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Thread: Block sanding high build primer

  1. #16
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    Steve, you didnt read the whole post. I blocked with 500 grit and sealed and some scratches re-appeared because I sprayed high build primer over 36-120 grit scratches. I created a problem for myself due to inexperience. I dont want to re-strip the whole car. There must be a way out of this.

    When block sanding i exposed both bare metal and filler, the filler shows in in the sealer.

    My jobber told me to reduce the expoxy 2:1:1. is this not correct?
    Is that picture you posted where you are now?What primer is there?Either way,i would block it with 180 then reprime it all.You can't prime one time over anything courser than 180 and expect it not to show scratches.
    What i do,is get my metal level as possible...apply filler,use 40 or 80 to level it out and once i get to the point where i know one more coat of filler will be it,i make the final coat polyester putty ,guide coat and sand that with 120,then guide coat again and finish with 180.Prime..several hours later sand with 180,and reprime.

  2. #17
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    Quote Originally Posted by Microgiant
    Steve, you didnt read the whole post. I blocked with 500 grit and sealed and some scratches re-appeared because I sprayed high build primer over 36-120 grit scratches. I created a problem for myself due to inexperience. I dont want to re-strip the whole car. There must be a way out of this.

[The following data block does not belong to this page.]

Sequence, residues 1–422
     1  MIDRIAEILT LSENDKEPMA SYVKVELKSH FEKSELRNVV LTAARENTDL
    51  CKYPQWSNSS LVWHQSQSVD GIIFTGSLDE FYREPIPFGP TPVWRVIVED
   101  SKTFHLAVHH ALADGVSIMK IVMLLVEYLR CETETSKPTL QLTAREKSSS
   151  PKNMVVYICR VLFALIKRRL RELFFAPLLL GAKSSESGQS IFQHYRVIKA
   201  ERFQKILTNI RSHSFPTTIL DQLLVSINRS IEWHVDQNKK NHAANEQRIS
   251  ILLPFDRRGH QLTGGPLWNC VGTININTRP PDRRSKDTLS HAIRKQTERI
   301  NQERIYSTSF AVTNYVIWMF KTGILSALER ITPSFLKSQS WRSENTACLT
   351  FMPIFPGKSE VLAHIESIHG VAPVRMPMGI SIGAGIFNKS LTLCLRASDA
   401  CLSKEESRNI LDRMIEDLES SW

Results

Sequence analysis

When block sanding i exposed both bare metal and filler, the filler shows in in the sealer.

    My jobber told me to reduce the expoxy 2:1:1. is this not correct?
    No, I think I did understand. You have primer final blocked to 500 then sprayed with sealer and you have scratches showing in your sealer. Is this not where you're at? If so, sand everything with 220 (so that another coat of high build has something to hold on to). This will serve to fill the scratches left behind. If the only problem you had at the point of sealer was the visible scratches then just sand this last coat of high build with 400, or 500 or 600. If the high build is a little rough and peely I would cut it first with 320 or 400 to knock down the roughness then polish it up with the 600.

    Yes, your jobber is wrong. Always have the tech sheets for the products you're using on hand. 170 is 2:1 reduced 10%RTS with acetone.

    BTW, sealer should be sprayed immediately before basing, as if it were your first coat of base.

  3. #18
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    I think that that particular scratch re-apeared due to primer shrinkage.

    Also this thread says to reduce MP170 2:1:1. I have to admit with that much reducer it had the consistency of water.

  4. #19
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    Quote Originally Posted by Microgiant
    I think that that particular scratch re-apeared due to primer shrinkage.

    Also this thread says to reduce MP170 2:1:1. I have to admit with that much reducer it had the consistency of water.
    Why the scratch appeared is irrelevent at this point. It has finished shrinking and now needs to be filled. There's no need to worry about removing the root cause of the scratch.

    In that thread I stated that 170 was mixed 2:1 with 10% acetone optional. That is what the manufacurer states on their sheet. Go to PPG's site and print off the sheet for yourself. I'm not one to play amateur chemist and belief that if that's what the manufacuter says that's what I'll do. Sprayed at 10% reduction it lays out beautifully, nice and flat, which is the primary reason for the additional reduction for use as a sealer. I don't know why anyone would want to reduce it anymore, expecially if it goes beyond the manufacurer's recommendation.